LOS ANGELES -- The firm behind the defunct Qtrax online file-swapping network has inked a licensing deal with Britain-based EMI Music Group PLC and aims to relaunch later this year as an ad-supported recording industry-friendly online music service.
Qtrax was among several peer-to-peer file-sharing applications that emerged following the shutdown of Napster, the pioneer service that enabled millions to illegally copy songs stored in other music fans' computers.
Creator LTDnetwork Inc. stopped distributing Qtrax after a few months following its 2002 launch to avoid legal trouble.
The new version of Qtrax will still let users tap into the Gnutella network to search for music, but will use technology to block copying or distribution of music restricted by record labels.
Instead, users will be able to play such songs a handful of times for free, but additional listens will require them to purchase a song for about a dollar. They may also download unlimited, though not permanent, licensed music by paying a monthly fee.
While labels are eager to find new avenues for music fans to purchase music, enticing fans accustomed to free and unrestricted file-sharing networks to switch to restricted services such as Qtrax remains a challenge.
``Maybe there's a small percentage who say, `We must have completely unfettered access to free music,' but the reality is being able to listen to a song five times is not too bad, right?" said Allan Klepfisz, president and chief executive of New York-based Brilliant Technologies Corp., which acquired LTDnetwork about a year and a half ago. ``You get a pretty good sense of whether you want to purchase it."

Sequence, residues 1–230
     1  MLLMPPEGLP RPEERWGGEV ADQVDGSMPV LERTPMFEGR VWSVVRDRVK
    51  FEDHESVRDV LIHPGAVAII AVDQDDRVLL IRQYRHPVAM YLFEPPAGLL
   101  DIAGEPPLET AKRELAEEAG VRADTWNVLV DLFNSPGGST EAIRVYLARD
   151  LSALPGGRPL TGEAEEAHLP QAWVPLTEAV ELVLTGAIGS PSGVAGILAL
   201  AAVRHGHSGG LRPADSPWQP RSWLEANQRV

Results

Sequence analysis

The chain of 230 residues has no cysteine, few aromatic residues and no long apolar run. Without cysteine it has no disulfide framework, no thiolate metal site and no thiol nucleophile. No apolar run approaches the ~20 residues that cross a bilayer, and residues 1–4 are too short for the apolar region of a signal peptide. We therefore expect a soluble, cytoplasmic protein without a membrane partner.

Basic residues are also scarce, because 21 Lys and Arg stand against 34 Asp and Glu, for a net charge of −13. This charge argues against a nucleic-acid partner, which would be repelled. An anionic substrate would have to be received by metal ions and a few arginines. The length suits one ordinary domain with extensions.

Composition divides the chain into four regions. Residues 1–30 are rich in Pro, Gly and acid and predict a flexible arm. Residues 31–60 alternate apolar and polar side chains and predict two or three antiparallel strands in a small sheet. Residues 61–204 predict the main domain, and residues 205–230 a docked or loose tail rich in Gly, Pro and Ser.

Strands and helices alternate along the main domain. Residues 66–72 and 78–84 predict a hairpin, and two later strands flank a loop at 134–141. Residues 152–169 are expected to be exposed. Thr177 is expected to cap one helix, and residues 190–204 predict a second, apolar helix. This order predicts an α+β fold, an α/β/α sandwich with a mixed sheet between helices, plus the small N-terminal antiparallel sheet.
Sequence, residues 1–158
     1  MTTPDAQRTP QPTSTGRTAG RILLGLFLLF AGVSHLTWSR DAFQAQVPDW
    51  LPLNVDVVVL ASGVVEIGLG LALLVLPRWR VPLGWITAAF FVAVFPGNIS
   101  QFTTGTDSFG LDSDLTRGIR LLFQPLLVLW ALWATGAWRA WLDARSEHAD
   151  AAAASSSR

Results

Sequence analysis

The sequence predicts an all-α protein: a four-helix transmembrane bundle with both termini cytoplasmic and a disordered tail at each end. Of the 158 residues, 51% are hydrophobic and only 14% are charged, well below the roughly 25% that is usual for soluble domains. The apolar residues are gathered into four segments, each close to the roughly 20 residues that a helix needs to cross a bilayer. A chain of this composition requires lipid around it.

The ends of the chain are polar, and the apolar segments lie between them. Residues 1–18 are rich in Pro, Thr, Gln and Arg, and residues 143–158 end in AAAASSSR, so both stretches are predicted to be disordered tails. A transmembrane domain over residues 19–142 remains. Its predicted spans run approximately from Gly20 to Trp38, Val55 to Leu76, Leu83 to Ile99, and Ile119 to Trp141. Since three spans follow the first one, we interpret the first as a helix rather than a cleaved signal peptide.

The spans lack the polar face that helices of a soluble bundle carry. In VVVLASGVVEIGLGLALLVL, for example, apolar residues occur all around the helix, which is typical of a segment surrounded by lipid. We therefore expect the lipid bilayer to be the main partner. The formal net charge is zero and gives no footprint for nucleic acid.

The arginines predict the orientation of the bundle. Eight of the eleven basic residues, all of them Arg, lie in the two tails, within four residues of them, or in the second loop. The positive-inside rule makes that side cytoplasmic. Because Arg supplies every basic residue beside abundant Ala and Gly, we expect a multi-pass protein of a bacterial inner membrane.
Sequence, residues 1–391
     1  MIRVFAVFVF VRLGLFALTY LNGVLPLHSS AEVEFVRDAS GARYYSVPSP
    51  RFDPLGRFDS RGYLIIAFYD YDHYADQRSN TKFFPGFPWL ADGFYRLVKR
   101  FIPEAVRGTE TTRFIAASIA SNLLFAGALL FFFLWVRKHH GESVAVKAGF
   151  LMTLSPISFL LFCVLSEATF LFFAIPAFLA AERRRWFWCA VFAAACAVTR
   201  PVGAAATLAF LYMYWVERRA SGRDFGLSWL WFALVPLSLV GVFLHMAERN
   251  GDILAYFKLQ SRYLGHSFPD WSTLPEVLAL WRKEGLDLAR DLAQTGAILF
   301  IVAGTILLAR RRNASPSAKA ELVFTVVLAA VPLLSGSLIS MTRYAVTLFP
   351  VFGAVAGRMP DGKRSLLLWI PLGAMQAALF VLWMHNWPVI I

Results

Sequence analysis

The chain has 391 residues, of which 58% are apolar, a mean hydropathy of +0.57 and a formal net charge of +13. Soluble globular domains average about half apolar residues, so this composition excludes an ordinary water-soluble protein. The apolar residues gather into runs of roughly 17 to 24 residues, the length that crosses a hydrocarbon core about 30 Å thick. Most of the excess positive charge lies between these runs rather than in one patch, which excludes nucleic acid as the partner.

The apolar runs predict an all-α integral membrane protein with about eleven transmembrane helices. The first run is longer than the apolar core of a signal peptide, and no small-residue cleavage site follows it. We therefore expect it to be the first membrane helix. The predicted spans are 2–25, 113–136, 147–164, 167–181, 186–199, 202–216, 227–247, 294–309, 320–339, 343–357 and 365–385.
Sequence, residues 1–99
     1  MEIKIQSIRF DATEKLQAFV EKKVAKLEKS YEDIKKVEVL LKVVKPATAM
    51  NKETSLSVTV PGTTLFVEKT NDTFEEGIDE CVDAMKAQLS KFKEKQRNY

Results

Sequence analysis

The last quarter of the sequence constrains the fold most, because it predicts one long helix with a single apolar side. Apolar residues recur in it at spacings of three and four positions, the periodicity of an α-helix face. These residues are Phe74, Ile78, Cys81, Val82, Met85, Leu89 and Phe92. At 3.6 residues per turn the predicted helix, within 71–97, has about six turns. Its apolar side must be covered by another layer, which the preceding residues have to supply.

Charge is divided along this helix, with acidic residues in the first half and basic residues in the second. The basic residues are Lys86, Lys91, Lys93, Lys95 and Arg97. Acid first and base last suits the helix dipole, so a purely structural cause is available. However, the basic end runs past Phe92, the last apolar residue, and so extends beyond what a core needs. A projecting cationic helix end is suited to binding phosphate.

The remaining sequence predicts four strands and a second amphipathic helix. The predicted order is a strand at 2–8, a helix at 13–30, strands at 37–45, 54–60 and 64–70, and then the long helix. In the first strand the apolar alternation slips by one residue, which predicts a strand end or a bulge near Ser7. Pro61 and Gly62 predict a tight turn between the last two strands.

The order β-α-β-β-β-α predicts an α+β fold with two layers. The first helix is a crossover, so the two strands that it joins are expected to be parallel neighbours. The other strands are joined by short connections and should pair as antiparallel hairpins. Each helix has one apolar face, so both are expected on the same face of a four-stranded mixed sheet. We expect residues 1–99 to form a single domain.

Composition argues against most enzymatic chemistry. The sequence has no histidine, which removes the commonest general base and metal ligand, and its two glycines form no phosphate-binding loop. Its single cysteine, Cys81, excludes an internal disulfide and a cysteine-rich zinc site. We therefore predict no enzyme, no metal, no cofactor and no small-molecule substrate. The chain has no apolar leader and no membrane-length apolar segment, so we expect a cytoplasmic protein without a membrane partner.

Pricing for the subscription tier of the service isn't final yet, but likely will be comparable to that of other online music services, which typically charge between $10 and $15 a month.
Record labels that license content for Qtrax will receive half the revenue from ads displayed during free song previews, said Klepfisz.
So far, EMI is the only major label to reach a Qtrax licensing deal, but Klepfisz said he is pursuing licensing talks with other major labels and expects to launch Qtrax in the United States as early as the third quarter of this year.